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UNITED STATES v. HAVERLICK

UNITED STATES DISTRICT COURT NORTHERN DISTRICT OF NEW YORK


June 13, 1961

UNITED STATES of America, Plaintiff,
v.
John Oscar HAVERLICK, Defendant

The opinion of the court was delivered by: BRENNAN

This motion to dismiss the indictment herein challenges the constitutionality of Section 501(c) of the Labor-Management Reporting and Disclosure Act of 1959, 29 U.S.C.A. § 501(c).

The statute involved makes it a criminal offense for any officer of a labor organization to steal or convert to his own use any of the moneys, funds, property or assets of such labor organization.

 The indictment charges that the defendant, then Treasurer of Local 420 United Papermakers and Paperworkers Union, did over a specific period of time, embezzle, steal and convert to his own use money, funds and assets of said Local 420 to the amount and value of $ 770 in violation of the above section.

 The defendant in effect contends that the above statute is unconstitutional in that it illegally interfers with the internal affairs of a labor union concerning which Congress has no power to legislate. No authority bearing directly upon the problem involved is cited so that it seems clear that inquiry must be made as to the existence of constitutional authority for the enactment of the statute. Such inquiry may well include the antecedents of the statute involved and comparable congressional legislation.

 The commerce clause of the United States Constitution, Article 1, Section 8, which confers the power upon Congress to regulate commerce among the several states and to make all laws necessary and proper for the execution of the power granted is the basis of this legislation. The enactment of the present legislation may be said to be an extension of the Labor Management Relations Act and Railway Labor Act as amended, 45 U.S.C.A. 151 et seq. It seems fair to say that in the past fifteen years the commerce clause has been expanded by legislation and judicial decision in its extent and application insofar as it affects labor-management relations and their impact upon the free flow of commerce. This appears to arise by reason of the growing complexity of business methods and the statutory regulation of the bargaining rights of labor and management which have a direct or indirect effect upon the free flow of commerce. Activities which are interstate or intrastate in character are not immune from regulation if they have a close and substantial relation to interstate commerce and their control is appropriate to protect that commerce from obstruction. National Labor Relations Board v. Jones and Laughlin Steel Corp., 301 U.S. 1, 36 and 37, 57 S. Ct. 615, 81 L. Ed. 893. It follows that defendant's argument that the statute involved here and the violation charged relate to the internal management of the Union is not controlling but rather whether the integrity of union funds and assets have a substantial effect upon interstate commerce. Johnson v. Local Union No. 58 Intern. Broth. of Elec. Workers, D.C., 181 F.Supp. 734.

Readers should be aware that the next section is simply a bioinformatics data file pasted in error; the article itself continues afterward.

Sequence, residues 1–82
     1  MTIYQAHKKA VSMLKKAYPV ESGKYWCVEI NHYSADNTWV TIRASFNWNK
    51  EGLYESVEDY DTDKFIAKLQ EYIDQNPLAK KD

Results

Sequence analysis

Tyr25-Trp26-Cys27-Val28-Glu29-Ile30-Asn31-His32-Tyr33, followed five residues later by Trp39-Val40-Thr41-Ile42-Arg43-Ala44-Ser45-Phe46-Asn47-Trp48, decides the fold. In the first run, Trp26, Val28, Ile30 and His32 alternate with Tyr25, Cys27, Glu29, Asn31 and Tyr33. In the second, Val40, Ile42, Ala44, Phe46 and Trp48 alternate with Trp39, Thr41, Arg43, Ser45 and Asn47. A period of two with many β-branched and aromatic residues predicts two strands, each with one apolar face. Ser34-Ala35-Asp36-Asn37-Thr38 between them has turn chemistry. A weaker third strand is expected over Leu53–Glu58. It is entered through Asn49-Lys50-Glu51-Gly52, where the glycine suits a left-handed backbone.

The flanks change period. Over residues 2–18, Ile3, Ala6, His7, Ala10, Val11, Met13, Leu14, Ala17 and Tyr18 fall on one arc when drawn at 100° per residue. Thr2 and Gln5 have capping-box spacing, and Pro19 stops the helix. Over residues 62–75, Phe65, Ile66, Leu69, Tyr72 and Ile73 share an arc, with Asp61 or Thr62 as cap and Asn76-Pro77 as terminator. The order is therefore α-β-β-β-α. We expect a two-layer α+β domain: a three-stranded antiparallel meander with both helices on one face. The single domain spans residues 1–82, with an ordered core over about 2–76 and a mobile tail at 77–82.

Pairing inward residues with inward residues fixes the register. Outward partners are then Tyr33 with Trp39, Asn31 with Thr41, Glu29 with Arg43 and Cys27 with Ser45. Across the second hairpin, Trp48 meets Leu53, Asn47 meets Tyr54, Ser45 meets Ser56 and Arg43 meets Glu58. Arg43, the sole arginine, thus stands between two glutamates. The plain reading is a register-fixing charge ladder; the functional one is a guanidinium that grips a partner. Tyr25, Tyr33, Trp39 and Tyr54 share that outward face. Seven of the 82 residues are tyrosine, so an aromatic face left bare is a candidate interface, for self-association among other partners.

The statute itself is based on a Congressional declaration of findings, purposes and policy. Same are expressed in Sec. 401(a, b, c). In effect, it is found that in order to accomplish the objective of a free flow of commerce, it is essential that labor organizations and their officers adhere to the highest standards of responsibility and ethical conduct in administering the affairs of their organization. It is further found that by reason of breach of trust and corruption in the labor and management fields, legislation is necessary to protect the rights of employees and the public generally. The statute under attack is a part of the resulting legislation.

 The question then is whether or not the statute bears a reasonable relationship to the evil which it was designed to reach. American Communications Ass'n v. Douds, 339 U.S. 382, at page 391, 70 S. Ct. 674, 94 L. Ed. 925. Its underlying theory seems to be that the power of a labor organization to bargain collectively in matters affecting commerce, all of which is now regulated by statute, would be lessened by the misuse or abuse of its funds to the diminution of its power to bargain in matters affecting commerce. The statute then seems to be well within the power of Congress to enact under the broad provisions of the commerce clause.

 The contention that the statute is an unlawful intrusion upon the rights reserved to the states is without force. The authority of the state in the matter of the enforcement of its criminal laws, relative to the violation charged here has not been impaired or diminished. 29 U.S.C.A. § 524.

 For the reasons above indicated, the motion to dismiss is denied, and it is

 So ordered.

19610613

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